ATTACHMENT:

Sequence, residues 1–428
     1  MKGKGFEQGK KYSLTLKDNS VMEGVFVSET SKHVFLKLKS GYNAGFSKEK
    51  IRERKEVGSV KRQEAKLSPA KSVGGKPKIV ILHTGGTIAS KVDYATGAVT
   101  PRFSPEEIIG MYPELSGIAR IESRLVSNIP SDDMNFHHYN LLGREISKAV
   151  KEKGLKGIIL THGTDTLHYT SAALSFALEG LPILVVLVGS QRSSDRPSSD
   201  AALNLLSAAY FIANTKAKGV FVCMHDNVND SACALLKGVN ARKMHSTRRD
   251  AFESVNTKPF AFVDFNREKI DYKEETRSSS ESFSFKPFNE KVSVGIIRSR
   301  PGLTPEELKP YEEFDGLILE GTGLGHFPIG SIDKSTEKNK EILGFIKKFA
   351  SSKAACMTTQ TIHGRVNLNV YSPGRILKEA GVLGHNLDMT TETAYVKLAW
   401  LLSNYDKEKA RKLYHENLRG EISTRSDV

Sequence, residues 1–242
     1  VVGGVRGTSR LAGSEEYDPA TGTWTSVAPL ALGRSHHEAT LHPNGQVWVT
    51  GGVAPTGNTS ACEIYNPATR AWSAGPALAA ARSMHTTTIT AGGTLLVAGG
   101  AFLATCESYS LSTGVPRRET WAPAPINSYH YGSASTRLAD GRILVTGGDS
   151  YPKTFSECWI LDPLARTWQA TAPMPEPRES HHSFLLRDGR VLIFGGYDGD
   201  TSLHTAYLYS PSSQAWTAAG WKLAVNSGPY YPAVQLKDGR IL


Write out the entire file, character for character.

Sequence, residues 1–428
     1  MKGKGFEQGK KYSLTLKDNS VMEGVFVSET SKHVFLKLKS GYNAGFSKEK
    51  IRERKEVGSV KRQEAKLSPA KSVGGKPKIV ILHTGGTIAS KVDYATGAVT
   101  PRFSPEEIIG MYPELSGIAR IESRLVSNIP SDDMNFHHYN LLGREISKAV
   151  KEKGLKGIIL THGTDTLHYT SAALSFALEG LPILVVLVGS QRSSDRPSSD
   201  AALNLLSAAY FIANTKAKGV FVCMHDNVND SACALLKGVN ARKMHSTRRD
   251  AFESVNTKPF AFVDFNREKI DYKEETRSSS ESFSFKPFNE KVSVGIIRSR
   301  PGLTPEELKP YEEFDGLILE GTGLGHFPIG SIDKSTEKNK EILGFIKKFA
   351  SSKAACMTTQ TIHGRVNLNV YSPGRILKEA GVLGHNLDMT TETAYVKLAW
   401  LLSNYDKEKA RKLYHENLRG EISTRSDV

Sequence, residues 1–242
     1  VVGGVRGTSR LAGSEEYDPA TGTWTSVAPL ALGRSHHEAT LHPNGQVWVT
    51  GGVAPTGNTS ACEIYNPATR AWSAGPALAA ARSMHTTTIT AGGTLLVAGG
   101  AFLATCESYS LSTGVPRRET WAPAPINSYH YGSASTRLAD GRILVTGGDS
   151  YPKTFSECWI LDPLARTWQA TAPMPEPRES HHSFLLRDGR VLIFGGYDGD
   201  TSLHTAYLYS PSSQAWTAAG WKLAVNSGPY YPAVQLKDGR IL